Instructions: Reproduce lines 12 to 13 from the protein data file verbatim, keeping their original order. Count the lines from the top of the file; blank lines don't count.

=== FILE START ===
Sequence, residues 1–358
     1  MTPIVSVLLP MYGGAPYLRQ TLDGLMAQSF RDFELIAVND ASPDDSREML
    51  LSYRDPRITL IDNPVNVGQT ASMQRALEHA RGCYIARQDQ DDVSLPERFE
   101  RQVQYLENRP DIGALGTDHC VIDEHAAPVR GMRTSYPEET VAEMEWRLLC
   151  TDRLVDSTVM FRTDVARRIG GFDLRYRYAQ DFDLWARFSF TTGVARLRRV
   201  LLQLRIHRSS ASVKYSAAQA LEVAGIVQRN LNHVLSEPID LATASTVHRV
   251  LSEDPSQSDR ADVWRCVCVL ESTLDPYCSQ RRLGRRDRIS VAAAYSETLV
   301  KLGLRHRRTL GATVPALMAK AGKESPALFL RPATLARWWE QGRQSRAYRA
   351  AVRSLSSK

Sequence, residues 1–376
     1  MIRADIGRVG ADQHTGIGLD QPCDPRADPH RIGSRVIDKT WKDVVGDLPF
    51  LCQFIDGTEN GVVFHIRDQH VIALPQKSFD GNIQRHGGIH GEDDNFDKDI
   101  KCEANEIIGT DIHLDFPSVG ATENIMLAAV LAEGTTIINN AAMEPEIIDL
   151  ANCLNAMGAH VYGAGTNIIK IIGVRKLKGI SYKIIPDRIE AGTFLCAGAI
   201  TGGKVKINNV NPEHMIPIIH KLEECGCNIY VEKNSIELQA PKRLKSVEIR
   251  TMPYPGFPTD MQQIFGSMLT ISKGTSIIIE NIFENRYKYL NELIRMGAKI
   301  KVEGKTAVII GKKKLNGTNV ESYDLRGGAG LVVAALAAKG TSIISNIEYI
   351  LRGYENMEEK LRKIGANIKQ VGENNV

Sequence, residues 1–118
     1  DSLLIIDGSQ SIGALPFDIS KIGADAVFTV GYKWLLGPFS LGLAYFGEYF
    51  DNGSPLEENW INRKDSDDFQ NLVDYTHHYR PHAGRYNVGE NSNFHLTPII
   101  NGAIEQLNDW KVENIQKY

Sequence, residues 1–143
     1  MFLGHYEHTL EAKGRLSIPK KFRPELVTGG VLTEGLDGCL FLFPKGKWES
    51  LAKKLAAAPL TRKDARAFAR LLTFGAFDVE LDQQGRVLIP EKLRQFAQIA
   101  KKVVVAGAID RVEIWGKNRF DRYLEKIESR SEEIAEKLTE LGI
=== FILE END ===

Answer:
    51  LCQFIDGTEN GVVFHIRDQH VIALPQKSFD GNIQRHGGIH GEDDNFDKDI
   101  KCEANEIIGT DIHLDFPSVG ATENIMLAAV LAEGTTIINN AAMEPEIIDL